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Authorities charge 5 in Belgian soccer corruption case

Club Brugge v Istanbul Basaksehir - UEFA Champions League Qualifying Third Round: First Leg

BRUGGE, BELGIUM - JULY 26: Ivan Leko Head Coach of Club Brugge gestures to his players during the Champions League Third Round Qualifier First Leg match between Club Brugge and Istanbul Basaksehir at Jan Breydel Stadium on July 26, 2017 in Brugge, Belgium. (Photo by Andy Astfalck/Getty Images)

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BRUSSELS (AP) Belgian authorities charged five people Thursday in relation to a massive financial fraud and match-fixing probe into soccer.

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Four were charged with belonging to a criminal organization and corruption, while a fifth person was charged with money laundering. Prosecutors said match-fixing allegations centered on the relegation battle from the top division last season and did not involve a major club.

Financial fraud centered on two agents who had contacts with many of the leading clubs, including Anderlecht, Club Brugge and Standard Liege. Accusations center on tax evasion and illegal personal enrichment.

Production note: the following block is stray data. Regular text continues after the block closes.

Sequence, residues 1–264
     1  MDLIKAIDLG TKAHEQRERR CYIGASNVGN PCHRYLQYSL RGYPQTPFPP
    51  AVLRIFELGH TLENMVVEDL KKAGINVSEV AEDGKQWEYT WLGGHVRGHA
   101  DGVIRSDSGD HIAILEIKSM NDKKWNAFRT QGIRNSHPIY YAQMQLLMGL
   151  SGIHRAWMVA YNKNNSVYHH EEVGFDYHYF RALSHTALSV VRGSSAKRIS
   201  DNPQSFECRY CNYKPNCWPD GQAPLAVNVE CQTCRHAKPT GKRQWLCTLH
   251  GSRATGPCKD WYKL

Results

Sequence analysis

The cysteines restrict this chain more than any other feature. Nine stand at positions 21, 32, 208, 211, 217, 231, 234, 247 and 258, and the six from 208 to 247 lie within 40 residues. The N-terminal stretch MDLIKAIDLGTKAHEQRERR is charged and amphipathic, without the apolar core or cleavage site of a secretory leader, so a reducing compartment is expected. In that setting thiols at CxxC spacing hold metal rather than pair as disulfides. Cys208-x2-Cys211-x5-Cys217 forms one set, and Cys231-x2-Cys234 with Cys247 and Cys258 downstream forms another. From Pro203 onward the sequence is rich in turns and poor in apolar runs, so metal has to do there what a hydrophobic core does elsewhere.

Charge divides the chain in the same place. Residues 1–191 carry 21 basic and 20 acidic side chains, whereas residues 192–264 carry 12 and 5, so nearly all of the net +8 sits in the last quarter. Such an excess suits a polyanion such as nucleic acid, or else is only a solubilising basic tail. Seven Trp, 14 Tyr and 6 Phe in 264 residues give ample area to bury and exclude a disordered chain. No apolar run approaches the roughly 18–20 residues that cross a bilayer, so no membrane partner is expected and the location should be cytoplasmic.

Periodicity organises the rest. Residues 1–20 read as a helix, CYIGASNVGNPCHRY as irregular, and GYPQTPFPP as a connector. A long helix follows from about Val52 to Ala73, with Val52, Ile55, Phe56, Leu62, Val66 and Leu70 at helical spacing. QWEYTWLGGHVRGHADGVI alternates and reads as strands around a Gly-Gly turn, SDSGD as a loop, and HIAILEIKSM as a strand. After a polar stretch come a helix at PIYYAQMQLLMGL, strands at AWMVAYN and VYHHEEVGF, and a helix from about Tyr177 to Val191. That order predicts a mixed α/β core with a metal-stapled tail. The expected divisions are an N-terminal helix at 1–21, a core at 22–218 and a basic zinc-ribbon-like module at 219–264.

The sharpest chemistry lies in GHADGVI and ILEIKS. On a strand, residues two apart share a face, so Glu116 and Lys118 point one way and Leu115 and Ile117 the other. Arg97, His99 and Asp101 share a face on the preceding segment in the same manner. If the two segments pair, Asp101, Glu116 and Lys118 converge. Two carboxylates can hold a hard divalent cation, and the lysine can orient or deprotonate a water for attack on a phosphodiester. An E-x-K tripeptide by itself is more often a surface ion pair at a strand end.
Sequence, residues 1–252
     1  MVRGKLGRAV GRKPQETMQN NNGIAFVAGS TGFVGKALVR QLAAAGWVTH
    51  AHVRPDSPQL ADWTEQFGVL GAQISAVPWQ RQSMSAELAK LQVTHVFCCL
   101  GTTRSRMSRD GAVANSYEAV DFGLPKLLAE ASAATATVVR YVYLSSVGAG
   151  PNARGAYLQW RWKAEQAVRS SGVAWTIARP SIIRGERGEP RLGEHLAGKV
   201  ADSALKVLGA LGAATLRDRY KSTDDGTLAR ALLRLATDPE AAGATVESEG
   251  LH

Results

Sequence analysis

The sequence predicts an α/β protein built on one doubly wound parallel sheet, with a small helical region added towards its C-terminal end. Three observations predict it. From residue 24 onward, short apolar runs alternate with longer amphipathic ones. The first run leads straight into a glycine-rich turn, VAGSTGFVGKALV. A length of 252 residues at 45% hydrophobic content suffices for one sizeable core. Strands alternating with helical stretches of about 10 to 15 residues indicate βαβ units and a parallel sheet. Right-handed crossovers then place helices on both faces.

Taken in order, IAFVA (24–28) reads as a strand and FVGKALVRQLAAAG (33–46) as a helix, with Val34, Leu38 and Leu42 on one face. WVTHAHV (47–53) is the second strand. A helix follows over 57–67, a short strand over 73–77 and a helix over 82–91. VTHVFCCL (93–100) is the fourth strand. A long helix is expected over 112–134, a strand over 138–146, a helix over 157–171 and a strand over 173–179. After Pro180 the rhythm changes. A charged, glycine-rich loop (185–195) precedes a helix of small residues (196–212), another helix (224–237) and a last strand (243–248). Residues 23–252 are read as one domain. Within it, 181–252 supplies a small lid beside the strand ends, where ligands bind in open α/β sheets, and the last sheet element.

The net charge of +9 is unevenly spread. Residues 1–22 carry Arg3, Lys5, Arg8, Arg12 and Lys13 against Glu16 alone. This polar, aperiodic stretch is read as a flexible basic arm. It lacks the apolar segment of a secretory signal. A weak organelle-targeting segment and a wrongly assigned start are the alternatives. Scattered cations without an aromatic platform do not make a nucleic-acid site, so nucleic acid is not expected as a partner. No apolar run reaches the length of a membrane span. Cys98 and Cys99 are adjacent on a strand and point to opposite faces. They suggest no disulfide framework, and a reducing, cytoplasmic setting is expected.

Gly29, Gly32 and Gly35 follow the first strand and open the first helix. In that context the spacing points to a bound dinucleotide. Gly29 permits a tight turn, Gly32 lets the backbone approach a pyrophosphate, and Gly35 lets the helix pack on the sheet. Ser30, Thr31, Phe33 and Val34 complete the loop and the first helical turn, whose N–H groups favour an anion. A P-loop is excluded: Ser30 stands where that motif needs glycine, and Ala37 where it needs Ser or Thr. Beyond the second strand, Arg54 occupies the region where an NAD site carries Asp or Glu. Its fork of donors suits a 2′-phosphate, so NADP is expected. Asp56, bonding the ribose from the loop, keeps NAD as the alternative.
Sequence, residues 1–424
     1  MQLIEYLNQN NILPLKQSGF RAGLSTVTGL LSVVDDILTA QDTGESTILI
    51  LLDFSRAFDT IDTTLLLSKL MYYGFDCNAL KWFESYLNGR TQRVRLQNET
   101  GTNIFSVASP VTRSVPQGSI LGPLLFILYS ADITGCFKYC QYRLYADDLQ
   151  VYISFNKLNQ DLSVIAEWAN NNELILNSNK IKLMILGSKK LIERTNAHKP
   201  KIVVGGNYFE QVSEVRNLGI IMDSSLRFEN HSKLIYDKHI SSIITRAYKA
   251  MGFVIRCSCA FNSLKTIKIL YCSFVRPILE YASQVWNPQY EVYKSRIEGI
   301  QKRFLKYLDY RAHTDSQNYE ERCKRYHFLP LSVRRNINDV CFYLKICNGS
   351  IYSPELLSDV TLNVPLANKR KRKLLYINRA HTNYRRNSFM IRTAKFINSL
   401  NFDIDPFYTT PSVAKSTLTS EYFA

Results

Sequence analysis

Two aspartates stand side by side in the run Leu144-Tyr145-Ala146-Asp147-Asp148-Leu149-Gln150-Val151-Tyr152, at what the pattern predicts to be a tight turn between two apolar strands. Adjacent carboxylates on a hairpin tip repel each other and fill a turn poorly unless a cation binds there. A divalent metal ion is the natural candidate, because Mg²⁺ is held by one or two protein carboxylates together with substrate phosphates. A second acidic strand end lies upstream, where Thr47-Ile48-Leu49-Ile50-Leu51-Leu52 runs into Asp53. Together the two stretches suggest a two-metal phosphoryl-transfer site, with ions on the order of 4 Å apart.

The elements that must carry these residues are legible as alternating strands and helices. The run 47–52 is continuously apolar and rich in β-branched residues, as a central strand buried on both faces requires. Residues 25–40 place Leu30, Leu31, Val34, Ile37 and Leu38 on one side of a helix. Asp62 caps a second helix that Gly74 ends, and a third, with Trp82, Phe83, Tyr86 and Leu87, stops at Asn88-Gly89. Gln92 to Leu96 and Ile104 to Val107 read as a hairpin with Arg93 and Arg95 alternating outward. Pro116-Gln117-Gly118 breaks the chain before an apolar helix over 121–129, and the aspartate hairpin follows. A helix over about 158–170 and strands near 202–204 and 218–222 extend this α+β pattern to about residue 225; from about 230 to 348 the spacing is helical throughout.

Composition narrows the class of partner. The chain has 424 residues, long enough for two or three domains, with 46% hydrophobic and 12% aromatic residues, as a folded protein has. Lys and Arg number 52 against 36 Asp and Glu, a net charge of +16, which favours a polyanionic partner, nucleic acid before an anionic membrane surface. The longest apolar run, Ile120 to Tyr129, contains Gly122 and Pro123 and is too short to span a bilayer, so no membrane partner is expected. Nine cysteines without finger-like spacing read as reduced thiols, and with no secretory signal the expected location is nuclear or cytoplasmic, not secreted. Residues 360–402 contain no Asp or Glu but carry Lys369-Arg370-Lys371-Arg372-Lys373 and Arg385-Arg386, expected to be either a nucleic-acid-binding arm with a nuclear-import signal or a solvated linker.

The prosecutor’s office used only the initials of those charged.

Ivan Leko, the coach of Belgian champion Club Brugge, was speaking to investigators along with agents Mogi Bayat and Dejan Veljkovic on Thursday. Two top referees were slated to be interrogated later in the biggest sports scandal in Belgian soccer in decades.

The year-long probe centers on suspect financial operations by sports agents on transfers, including tax evasion, money laundering and private corruption. During the probe, investigators said they also found indications of match-fixing during last season’s relegation battle.

Belgian national team veteran Vincent Kompany said he was not surprised by the developments because the sector has too long been veiled in secrecy instead of openness.

“The thing I don’t get is that, internationally, it has not yet become totally transparent,” Kompany told VTM network.

The Belgian league, in which none of its World Cup stars play, has over the years become a prime market to dump cheap foreign, often African, talent. Only a few of them make it to the major leagues. Claims of human trafficking over the years have increased.

The investigation shows Belgian soccer is unhealthy, Kompany said.

“If you talk about the soccer sector, you cannot be surprised,” Kompany said. “The link with human trafficking, the drug trade and prostitution, where a lot of money goes around, is very close.”

The federal prosecutor’s office announced it would give more details about fraud and match-fixing allegations later Thursday.

The scandal was revealed publicly on Wednesday when authorities carried out 57 police raids in Belgium and around Europe. In all, 44 raids were staged in Belgium and 13 more in France, Luxembourg, Cyprus, Montenegro, Serbia and Macedonia.